About 1,500 people are killed every year in car accidents on Georgia roadways. If you’re lucky enough to come out of a car accident without injuries to you or the other drivers, you may still be faced with a vehicle repair bill that could cost up to and more than $2,500. Whether you drive often or hardly at all, it is important that you have adequate car insurance in Georgia to protect you if you should get in an accident.
What Insurance Coverage is Required in Georgia?
Like most states, Georgia requires all drivers to carry, at a minimum, liability insurance that will pay for injuries or property damage to another driver and includes:
- $25,000 bodily injury liability per person,
- $50,000 bodily injury liability per accident, and
- $25,000 property damage liability.
Although Georgia doesn’t require drivers to carry comprehensive and collision insurance, it’s a good idea to have it. Liability insurance only covers injuries or vehicle damage to another person, not you. Comprehensive insurance covers any injuries or death you sustain in an accident. Collision coverage helps pay for damages to your vehicle.
It is also a good idea for drivers in Georgia to carry uninsured motorist coverage, even though it is not required by state law. Since Georgia is an “at fault” state, the driver who caused the accident is “liable” to pay for all damages and injuries caused in the accident. However, if that driver is uninsured, those costs are going to fall back on you to pay for out of your own pocket. Uninsured motorist coverage can help pay those costs in the event something like that happens, so you aren’t left footing the bill on your own.
Who is at Fault?
Georgia is an “at fault” state, meaning the driver who is at fault in the accident is liable for all damages or injuries sustained in the accident. However, it may not be clear which driver caused the accident in some cases, and both drivers contributed to it somehow. In these cases, the state’s “modified comparative fault” rule would apply.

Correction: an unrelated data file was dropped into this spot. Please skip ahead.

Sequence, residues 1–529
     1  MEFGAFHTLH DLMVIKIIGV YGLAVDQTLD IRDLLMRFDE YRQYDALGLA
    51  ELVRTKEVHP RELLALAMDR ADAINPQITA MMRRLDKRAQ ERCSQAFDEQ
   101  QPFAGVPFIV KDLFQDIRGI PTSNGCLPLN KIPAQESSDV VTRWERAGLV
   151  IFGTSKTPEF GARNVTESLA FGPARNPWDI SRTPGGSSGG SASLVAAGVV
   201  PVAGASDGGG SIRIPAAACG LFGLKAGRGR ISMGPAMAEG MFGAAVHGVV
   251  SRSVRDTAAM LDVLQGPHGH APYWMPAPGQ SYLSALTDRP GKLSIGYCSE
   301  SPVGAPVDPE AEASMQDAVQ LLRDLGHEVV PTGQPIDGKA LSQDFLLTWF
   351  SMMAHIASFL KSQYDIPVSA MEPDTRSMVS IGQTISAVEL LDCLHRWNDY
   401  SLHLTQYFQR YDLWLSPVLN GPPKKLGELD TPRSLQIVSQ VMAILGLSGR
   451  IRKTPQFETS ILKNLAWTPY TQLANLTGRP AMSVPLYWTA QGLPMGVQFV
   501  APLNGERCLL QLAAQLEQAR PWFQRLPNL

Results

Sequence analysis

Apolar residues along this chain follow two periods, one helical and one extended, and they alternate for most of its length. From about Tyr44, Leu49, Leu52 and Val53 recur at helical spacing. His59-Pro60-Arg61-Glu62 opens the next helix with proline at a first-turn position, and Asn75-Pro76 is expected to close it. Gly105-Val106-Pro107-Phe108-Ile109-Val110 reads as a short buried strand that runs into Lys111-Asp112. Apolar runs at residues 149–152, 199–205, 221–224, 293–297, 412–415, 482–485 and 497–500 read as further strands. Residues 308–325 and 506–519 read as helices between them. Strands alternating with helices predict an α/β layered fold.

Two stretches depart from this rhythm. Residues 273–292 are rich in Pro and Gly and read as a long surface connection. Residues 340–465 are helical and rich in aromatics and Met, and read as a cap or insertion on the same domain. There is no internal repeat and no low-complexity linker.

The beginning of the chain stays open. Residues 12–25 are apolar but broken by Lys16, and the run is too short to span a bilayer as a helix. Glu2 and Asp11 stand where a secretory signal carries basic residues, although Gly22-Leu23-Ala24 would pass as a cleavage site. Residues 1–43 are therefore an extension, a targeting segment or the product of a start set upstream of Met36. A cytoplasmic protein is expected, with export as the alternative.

Under the Modified Comparative Fault law, drivers can be compensated for damages in an accident even if they were partly to blame. Drivers can receive compensation for an accident even if they are up to 49% responsible. However, if insurance claim adjusters find the driver’s share of the blame is 50% or more, Georgia law prohibits them from recovering any compensation.
Although honesty is the best policy in many cases, don’t voluntarily admit to fault in an accident. Let law enforcement and the insurance companies make that determination.
Victims Have Three Options to Recover Damages
As a third-party liability state, vehicle accident victims in Georgia also have the right to recover damages from at-fault drivers. They can do so in one of three ways:
- File a “first-party claim” for property damage and personal injury with their own insurance company
- File a “third-party claim” for property damage and personal injury with the at-fault driver’s insurance company
- File a civil lawsuit against the at-fault driver
Statute of Limitations Applies to Civil Lawsuits
There is a statute of limitations on the time frame in which you can file a civil lawsuit. You have four years to file a suit to recover costs due to vehicle damage caused in an accident. Lawsuits from car accident injuries or death must be filed within two years.
If you fail to file a lawsuit within the statute of limitations, then you forgo your right to seek compensation for any damages or injuries you received in the accident.
When you file a civil lawsuit after an accident, you file against the other driver, not their insurance company. Their insurance company may step in to represent their client and pay all or part of the damages.
How Will an Accident Affect My Insurance Premiums?
Getting into a car accident in Georgia can be costly, not only because of the costs associated with repairing damages and medical bills if someone is injured or legal fees if the other driver takes you to court.
A car accident can also cause your insurance rates to jump up, especially if you are the driver at fault. In Georgia, car insurance rates can increase by up to 60% following an accident. For example, the average annual car insurance policy in Georgia costs about $2,204, but after an accident, that could go as high as $3,528.
Once insurance rates increase due to an accident, they can remain elevated for several years. If your share of the blame for the accident is under 50%, your insurer may decide not to raise your rates.
Accidents Must be Reported to Law Enforcement and Your Insurer
Under Georgia state law, any accident that results in injury, death, or property damage over $500 must be reported to law enforcement. Law enforcement agencies are required by law to fill out a Uniform Traffic Accident Report and submit it to the Georgia Department of Motor Vehicle Safety. At the accident scene, police officers will check for proof of insurance and talk to those involved with the accident and any witnesses in an effort to determine who was at fault.
The accident report prepared by law enforcement will be used to determine who’s at fault and liable for the accident if that isn’t clear. In some cases, some of the drivers involved in the accident will receive a traffic citation.
You can get a copy of the police accident report through the Georgia Department of Public Safety.
If you are involved in a vehicle accident, it is also your responsibility to notify your insurance company. Most car insurance policies in Georgia include a Notice of Occurrence clause, which requires your to notify your insurer of an accident and cooperate with the investigation whether you were at fault or not.